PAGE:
Utagawa Kunisada/Toyokuni III (1786-1865) Ichikawa Ebizo V as Shirai Gonpachi in Mikuni Iri Soga Nakamura, 1825. Oban Triptych.
Click here for a detailed enlargement.
Another of the archaic styled prints by Kunisada of the 1820’s, similar in feel and in design to the previous print. There is something otherworldly about these pieces, the shallow space of the theatre is well realised and lends the scenes a claustrophobic feel - the more so here with the figure of the actor Ichikawa Ebizo V bursting out of the screened room on the right.
There are many plays about the good man gone wrong… Shirai Gonpachi. His story is long and complicated and the different strands of his life made up many kabuki plays in the nineteenth century. Banished from his home for murder, Gonpachi arrives in Edo and falls in love with Komurasaki who works in a saki store; pictured here in the left hand sheet. Komurasaki is being held captive and forced to work for a gang of bandits and she urges Gonpachi to rescue her. The subsequent fight, in the print, sees Gonpachi and Komurasaki united. The life of a settled man does not suit him and he leaves her to seek his fortune. She goes into prostitution and they are eventually are reunited. Tragically, Gonpachi cannot afford to buy her out of slavery and so he descends into a life of crime and violence ending in his capture and death. Komurasaki kills herself on his grave. It is said that Gonpachi killed 130 people before he was executed by haritsuke (impalement with spears while tied to a crucifix) in 1679. At the time, people who were sympathetic to Gonpachi and Komurasake were so moved that they built a tomb in their memory.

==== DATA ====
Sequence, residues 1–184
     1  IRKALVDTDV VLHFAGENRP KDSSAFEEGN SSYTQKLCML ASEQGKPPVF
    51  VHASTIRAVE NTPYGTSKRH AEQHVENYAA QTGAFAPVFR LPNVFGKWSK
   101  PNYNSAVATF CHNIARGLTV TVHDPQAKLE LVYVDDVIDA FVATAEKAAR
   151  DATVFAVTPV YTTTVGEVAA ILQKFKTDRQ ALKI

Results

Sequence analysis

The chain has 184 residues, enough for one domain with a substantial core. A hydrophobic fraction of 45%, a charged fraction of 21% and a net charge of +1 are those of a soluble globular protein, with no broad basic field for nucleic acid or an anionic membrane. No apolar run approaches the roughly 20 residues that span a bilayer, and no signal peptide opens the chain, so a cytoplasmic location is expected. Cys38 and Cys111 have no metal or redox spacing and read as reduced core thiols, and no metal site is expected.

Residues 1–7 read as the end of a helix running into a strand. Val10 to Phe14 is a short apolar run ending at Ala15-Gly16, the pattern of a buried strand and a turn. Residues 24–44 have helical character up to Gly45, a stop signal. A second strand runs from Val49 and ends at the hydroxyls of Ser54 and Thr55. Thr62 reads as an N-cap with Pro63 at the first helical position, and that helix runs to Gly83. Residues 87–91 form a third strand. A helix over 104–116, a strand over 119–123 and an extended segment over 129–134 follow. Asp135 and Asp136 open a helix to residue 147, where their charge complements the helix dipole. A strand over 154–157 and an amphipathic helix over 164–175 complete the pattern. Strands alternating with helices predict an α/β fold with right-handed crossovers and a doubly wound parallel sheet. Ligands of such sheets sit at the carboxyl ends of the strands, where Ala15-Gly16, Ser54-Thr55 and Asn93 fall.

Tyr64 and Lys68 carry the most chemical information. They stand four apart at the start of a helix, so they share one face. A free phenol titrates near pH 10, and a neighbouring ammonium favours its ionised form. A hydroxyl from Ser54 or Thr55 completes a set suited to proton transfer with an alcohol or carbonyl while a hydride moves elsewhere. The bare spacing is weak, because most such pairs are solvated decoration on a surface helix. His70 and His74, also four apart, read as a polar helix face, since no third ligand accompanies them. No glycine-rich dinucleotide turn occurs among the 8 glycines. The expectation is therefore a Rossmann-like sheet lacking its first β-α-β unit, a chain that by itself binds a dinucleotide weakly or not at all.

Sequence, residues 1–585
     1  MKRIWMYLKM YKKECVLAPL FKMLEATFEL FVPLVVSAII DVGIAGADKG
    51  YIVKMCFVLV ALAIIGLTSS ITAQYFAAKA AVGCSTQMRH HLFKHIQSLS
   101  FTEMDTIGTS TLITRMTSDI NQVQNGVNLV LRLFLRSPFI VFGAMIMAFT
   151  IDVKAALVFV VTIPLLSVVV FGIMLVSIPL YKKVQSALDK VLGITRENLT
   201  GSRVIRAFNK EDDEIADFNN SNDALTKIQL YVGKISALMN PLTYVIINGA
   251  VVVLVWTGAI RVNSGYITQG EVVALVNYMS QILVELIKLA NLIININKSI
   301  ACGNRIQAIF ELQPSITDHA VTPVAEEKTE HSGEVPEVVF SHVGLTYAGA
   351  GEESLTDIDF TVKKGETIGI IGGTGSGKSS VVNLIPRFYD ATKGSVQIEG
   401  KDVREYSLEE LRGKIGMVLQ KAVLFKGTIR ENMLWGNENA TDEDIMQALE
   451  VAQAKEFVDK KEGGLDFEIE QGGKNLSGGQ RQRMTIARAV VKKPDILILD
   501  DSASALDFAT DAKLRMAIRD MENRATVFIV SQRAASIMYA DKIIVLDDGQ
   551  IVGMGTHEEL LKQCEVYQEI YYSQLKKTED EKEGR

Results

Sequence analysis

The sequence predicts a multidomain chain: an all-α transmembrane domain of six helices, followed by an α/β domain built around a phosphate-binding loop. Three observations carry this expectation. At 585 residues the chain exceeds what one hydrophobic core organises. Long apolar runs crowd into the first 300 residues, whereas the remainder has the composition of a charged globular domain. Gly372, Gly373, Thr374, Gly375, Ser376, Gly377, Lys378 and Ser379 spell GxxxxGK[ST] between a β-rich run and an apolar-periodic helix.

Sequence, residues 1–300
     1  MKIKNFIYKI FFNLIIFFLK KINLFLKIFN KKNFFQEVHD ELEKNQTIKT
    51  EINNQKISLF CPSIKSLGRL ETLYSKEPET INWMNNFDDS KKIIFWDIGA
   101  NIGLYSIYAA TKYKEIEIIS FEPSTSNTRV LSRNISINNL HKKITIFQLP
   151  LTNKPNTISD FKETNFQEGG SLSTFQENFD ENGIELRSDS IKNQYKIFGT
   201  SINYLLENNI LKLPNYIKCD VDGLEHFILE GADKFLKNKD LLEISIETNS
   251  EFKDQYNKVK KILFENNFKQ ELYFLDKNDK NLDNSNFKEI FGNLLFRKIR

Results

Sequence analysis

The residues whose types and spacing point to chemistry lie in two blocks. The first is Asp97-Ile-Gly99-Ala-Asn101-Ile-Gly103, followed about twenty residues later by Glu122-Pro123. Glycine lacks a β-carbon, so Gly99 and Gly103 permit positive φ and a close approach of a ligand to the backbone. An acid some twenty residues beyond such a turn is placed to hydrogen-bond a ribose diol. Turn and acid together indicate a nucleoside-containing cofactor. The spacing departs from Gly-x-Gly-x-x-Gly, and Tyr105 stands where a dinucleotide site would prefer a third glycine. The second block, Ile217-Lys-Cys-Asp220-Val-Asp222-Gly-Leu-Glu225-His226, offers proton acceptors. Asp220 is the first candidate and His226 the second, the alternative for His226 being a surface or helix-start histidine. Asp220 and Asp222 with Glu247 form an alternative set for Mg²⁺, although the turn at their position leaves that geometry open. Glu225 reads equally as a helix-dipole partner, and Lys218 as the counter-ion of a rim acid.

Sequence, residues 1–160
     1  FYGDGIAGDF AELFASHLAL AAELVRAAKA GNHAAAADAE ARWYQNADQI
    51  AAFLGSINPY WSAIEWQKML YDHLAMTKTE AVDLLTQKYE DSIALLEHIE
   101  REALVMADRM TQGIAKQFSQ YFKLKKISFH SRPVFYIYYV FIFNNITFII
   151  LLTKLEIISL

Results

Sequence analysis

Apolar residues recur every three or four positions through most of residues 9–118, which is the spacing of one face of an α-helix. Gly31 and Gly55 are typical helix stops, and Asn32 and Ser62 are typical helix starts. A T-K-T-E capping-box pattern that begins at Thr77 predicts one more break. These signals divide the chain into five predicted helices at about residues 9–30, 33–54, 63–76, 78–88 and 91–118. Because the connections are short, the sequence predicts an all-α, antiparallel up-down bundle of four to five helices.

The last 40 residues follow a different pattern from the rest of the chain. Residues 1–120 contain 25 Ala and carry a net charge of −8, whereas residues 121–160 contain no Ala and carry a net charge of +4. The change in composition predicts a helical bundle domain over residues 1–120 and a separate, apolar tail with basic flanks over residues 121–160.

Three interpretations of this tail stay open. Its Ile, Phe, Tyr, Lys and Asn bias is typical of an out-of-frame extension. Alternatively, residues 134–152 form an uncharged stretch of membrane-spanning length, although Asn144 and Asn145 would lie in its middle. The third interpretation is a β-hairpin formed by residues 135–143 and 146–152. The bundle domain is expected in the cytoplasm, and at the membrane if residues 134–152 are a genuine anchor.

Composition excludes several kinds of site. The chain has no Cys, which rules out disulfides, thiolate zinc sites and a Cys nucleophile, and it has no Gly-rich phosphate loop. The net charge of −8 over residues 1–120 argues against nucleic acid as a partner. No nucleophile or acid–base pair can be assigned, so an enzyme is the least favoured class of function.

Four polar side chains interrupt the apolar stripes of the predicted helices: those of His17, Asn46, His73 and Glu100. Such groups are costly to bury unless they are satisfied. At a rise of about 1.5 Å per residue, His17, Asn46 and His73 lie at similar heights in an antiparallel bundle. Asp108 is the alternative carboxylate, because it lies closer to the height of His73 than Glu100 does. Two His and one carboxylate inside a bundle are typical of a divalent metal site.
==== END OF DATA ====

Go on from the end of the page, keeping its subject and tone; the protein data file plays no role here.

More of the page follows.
This is a fine print by the effervescent Kunisada of the early 1820’s. Colour, impression and condition are all excellent… fine for the period. There is some wormage to the margins. A copy of this print is in The Victoria and Albert Museum London.
Published by Kawaguchiya Uhei.
78 x 37 cm.